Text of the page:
All the ladies who weigh on a heavier side and wish to have a baby should lose weight before getting pregnant to avoid complications, claims a recent study.
A research carried out by Trinity College highlights that mothers-to-be with obesity have a range of increased health risks in pregnancy, both for them and their babies, compared with those in the healthy weight category.
According to the researchers, the global rates of maternal obesity have reached epidemic proportions with prevalence of maternal obesity in women aged 20-39 year.
Maternal obesity, which means having a BMI of 30 kg/m2 or over during pregnancy, is linked with a range of adverse outcomes for mothers and babies during pregnancy, the birth and post-natally.
It is also linked to greater risk of pre-term birth, large-for-gestational-age babies, fetal defects, congenital anomalies and perinatal death.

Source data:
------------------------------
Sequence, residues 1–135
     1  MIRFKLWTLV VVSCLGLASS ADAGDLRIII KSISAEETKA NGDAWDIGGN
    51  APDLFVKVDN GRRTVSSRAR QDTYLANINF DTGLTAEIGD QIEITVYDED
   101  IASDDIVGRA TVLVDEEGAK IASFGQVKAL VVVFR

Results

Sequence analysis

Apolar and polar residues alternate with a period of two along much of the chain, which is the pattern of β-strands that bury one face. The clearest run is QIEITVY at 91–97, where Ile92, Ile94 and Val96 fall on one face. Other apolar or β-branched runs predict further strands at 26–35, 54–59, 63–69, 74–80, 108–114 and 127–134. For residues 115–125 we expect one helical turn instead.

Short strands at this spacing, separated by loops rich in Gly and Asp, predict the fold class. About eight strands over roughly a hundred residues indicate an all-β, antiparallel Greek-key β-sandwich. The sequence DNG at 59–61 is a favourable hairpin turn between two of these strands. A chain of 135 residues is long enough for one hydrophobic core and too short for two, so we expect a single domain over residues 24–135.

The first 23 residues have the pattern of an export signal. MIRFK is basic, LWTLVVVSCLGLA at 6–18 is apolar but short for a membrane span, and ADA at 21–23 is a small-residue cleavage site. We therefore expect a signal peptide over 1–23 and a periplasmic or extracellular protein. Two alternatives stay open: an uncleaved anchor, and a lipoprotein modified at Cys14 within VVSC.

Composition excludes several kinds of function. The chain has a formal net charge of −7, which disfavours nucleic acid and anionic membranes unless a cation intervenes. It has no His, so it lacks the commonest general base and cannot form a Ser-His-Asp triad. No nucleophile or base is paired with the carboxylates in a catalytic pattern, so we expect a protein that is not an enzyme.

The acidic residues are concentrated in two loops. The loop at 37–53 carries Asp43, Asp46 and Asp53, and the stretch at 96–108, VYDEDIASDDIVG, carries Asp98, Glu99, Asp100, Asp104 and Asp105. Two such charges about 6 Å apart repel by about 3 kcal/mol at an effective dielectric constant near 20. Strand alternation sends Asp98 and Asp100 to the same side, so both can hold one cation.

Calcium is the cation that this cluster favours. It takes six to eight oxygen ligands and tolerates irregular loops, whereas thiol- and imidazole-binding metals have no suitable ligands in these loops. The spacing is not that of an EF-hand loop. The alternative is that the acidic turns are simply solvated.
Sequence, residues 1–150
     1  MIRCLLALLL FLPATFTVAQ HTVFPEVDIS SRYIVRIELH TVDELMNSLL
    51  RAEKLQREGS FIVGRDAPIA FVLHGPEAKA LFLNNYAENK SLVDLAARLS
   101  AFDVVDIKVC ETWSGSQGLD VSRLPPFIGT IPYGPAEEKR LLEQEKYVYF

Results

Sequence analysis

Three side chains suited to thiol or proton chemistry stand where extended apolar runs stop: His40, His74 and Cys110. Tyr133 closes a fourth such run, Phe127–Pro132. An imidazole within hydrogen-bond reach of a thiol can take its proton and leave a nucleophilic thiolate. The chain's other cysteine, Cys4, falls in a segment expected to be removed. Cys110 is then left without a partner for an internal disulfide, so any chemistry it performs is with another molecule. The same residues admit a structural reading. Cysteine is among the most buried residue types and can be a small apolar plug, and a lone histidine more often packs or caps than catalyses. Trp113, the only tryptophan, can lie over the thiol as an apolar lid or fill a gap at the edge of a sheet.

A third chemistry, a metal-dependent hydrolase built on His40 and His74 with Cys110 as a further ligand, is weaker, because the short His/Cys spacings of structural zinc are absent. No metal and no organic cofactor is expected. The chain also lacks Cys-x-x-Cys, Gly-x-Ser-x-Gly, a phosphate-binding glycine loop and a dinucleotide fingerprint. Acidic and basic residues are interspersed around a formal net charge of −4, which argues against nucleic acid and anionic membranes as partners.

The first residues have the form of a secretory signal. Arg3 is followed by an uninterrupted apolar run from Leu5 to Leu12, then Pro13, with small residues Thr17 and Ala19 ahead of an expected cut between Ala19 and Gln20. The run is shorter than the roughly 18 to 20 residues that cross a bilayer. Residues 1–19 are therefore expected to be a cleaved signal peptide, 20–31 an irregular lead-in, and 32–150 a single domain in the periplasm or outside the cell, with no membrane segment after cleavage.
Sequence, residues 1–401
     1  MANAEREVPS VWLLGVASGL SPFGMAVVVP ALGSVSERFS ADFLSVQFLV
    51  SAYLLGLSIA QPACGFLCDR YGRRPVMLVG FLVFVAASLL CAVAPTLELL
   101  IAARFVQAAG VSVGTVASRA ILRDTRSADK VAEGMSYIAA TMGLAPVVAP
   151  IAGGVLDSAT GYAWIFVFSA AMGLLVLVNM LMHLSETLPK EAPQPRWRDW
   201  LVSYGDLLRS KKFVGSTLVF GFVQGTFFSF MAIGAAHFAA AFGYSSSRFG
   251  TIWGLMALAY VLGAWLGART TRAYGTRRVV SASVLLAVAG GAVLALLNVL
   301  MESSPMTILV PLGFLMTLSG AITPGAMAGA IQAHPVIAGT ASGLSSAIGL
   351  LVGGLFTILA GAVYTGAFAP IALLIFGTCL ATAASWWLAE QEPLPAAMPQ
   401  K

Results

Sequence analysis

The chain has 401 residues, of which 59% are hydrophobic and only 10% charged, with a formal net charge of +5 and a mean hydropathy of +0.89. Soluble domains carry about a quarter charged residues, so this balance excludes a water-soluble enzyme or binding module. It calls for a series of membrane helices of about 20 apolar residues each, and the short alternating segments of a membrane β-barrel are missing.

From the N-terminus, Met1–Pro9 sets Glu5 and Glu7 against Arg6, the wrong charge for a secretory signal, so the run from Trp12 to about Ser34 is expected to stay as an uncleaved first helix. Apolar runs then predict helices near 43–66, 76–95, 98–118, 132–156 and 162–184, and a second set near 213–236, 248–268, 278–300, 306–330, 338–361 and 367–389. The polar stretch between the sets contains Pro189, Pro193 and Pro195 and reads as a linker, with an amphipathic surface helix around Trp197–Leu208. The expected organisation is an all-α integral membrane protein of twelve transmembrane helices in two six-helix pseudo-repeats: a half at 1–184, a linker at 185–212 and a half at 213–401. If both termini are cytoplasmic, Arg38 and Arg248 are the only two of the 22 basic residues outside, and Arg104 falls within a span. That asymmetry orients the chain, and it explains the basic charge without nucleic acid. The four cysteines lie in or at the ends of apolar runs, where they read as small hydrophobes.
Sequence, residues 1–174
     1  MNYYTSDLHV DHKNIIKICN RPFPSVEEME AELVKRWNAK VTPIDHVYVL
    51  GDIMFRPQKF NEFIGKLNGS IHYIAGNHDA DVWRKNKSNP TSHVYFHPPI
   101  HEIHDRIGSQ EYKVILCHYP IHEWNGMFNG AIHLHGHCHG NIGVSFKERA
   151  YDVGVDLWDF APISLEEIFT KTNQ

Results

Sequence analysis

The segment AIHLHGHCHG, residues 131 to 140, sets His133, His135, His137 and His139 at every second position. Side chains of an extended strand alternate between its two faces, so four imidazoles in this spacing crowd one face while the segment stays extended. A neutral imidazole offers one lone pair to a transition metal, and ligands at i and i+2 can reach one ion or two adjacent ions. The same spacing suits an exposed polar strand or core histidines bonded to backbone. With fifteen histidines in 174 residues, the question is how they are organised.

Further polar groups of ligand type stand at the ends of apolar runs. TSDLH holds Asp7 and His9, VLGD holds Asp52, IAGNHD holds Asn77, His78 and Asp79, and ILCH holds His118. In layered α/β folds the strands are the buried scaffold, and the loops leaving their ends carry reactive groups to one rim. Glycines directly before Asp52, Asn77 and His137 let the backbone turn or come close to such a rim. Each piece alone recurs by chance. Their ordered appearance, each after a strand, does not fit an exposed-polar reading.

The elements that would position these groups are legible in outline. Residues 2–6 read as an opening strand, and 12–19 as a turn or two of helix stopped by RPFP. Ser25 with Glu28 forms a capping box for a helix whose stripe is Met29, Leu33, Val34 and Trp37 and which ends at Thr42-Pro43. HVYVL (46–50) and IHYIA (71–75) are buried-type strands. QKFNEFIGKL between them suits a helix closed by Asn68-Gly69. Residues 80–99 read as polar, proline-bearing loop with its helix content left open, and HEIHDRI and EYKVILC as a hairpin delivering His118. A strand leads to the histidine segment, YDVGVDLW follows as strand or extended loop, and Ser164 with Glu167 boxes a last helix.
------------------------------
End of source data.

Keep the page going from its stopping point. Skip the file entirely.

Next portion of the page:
The researchers found that maternal obesity is the most significant factor leading to obesity in the children and excessive weight gain in pregnancy also results in long-term obesity for women.
Professor Cecily Begley said that it has been a serious health problem that wasn’t currently being adequately addressed and could have significant implications for both the women and their babies.
She added that it was important not to stigmatise women because of their weight and they need to provide pre-conceptual health education, through national subsidised programmes, to support and encourage women with a high BMI to lose weight before they conceive.
The research is published in the international peer-reviewed journal Obesity Reviews.